Friday, October 5, 2012

MLB Awards - 2012

Greetings! I'm making a triumphant return to blogging for the MLB Playoffs, and that kicks off with this awards post, and a big-time preview of the Braves 1-game playoff game coming Friday pre-game. Let's do it...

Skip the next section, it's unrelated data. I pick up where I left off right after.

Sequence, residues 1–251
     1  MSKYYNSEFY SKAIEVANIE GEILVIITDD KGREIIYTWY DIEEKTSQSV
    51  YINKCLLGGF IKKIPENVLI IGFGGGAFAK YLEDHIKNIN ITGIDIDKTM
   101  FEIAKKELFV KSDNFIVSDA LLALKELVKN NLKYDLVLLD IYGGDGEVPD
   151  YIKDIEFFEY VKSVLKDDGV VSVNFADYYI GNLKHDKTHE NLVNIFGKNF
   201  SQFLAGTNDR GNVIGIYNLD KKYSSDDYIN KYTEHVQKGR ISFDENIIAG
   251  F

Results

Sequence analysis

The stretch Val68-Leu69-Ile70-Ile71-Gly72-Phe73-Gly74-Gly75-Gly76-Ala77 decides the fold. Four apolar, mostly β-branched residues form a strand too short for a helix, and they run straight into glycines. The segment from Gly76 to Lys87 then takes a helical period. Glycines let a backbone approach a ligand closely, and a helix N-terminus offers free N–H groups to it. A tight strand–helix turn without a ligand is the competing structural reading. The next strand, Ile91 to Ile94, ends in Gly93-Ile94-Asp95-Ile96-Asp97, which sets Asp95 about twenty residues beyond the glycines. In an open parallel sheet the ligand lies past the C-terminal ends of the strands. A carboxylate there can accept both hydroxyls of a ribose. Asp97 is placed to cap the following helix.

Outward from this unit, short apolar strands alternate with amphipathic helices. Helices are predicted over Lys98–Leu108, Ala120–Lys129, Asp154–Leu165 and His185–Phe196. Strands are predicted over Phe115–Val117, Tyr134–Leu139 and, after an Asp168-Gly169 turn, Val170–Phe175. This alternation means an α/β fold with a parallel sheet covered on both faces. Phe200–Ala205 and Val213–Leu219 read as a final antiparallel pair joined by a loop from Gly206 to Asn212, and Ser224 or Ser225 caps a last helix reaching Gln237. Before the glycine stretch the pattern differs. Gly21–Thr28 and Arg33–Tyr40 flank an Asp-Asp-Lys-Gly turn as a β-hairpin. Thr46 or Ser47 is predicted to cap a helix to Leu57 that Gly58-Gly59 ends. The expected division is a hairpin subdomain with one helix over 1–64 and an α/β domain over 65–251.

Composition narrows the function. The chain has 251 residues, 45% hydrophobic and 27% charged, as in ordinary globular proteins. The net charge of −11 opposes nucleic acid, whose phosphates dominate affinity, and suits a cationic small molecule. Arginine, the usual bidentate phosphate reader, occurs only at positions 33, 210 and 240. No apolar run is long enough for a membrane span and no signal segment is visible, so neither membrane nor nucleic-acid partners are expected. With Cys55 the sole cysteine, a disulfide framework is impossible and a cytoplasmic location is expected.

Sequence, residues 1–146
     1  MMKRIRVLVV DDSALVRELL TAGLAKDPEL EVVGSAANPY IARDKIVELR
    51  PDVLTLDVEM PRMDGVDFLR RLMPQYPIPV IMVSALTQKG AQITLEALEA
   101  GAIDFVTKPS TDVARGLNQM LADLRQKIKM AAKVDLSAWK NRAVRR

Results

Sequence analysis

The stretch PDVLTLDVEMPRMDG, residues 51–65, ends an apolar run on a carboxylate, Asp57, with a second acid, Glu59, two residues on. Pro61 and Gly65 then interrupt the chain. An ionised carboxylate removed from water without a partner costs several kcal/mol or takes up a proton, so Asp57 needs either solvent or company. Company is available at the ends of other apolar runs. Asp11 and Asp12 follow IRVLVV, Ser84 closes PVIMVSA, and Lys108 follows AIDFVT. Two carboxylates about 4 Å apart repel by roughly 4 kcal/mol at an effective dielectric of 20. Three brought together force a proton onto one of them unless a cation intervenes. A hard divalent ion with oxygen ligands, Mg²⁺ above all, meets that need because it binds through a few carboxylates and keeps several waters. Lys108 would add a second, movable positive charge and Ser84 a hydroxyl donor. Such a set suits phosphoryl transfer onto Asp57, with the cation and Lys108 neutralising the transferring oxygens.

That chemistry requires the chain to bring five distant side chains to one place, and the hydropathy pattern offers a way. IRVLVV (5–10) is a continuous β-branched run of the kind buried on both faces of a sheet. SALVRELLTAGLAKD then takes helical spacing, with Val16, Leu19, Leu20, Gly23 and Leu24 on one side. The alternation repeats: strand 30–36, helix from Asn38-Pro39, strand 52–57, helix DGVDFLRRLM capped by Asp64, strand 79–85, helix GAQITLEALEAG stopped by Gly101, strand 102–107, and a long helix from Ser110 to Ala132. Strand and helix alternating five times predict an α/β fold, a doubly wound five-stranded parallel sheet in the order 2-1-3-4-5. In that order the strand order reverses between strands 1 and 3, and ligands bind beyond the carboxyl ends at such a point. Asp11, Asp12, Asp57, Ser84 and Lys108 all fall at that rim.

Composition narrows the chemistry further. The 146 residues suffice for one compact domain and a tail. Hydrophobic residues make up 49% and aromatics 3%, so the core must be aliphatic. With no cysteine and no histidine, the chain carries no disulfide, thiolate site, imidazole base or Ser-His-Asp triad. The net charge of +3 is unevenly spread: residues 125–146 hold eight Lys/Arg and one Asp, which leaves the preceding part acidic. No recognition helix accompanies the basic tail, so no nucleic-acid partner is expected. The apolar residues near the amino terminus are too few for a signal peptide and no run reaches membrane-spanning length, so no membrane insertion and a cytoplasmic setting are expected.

AL MVP - Mike Trout, OF, LA Angels - This is the award that everyone is arguing the most about and with good reason. Miguel Cabrera won the batting triple crown, marking the first time that had been accomplished in nearly 5 decades... and he still isn't winning the award if I have a ballot. First, the "triple crown" of batting statistics (batting average, home runs, RBI) has pretty much been shown to be non-indicative of player performance. RBI is an "opportunity" stat, and while there is certainly a correlation between performance and # of RBI's (a bad player has a ceiling of these, etc.), there is certainly not causation there. In addition, batting average is significantly less important than on-base percentage statistically, and while, again, a high batting average is certainly a good thing, I'd rather have the guy with a .280 BA and .400 OBP than the guy who hits .310 with a .350 OBP. Done and done. With that said, here is a list of offensive categories that Mike Trout outperformed Miguel Cabrera in: Runs, On-base percentage, stolen bases, triples. In addition, Trout was basically identical to Cabrera in batting average (.330 to .326) and walks (67 to 66) in 70 less plate appearances. However, if the award was "most valuable hitter", Cabrera would win a slight edge with the extra power (40 HR to 27 HR) and overall OPS advantage (.999 to .963). See where I'm going with this? The award is much more than just hitting statistics, and Trout utterly dominates Cabrera in every other aspect of the game. On the base paths, Mike Trout stole 49 of 54 bases to lead the entire league, while Cabrera produced negative value on the basepaths overall according to advanced metrics. In the field? Mike Trout's UZR ranked him 6th in the entire AL in defensive runs saved (while not even playing the whole season) and Cabrera actually cost his team nearly a full win in the field with -9 runs saved. Even if you agreed to excuse Cabrera's defense to a "push" with league-average because of his position change (and I still wouldn't), he gets wiped out by Trout's elite glove at a premium position. Oh, and here's the "big gun". In FanGraphs WAR (wins above replacement), which is designed to assess overall player value, Trout emerges with 10.4 additional wins vs. 7.2 for Cabrera. In baseball-reference WAR, the gap is even larger, with Trout pulling a ridiculous 10.7 to 6.9 for Cabrera. Statistically, it's not even close. And for everyone using the narrative of a playoff appearance for Cabrera and the Tigers while the Angels are going home, please consider this. The Angels have a better record than the Tigers, and they did so in a much, much tougher division. Thank you and good night. Here's my top 3: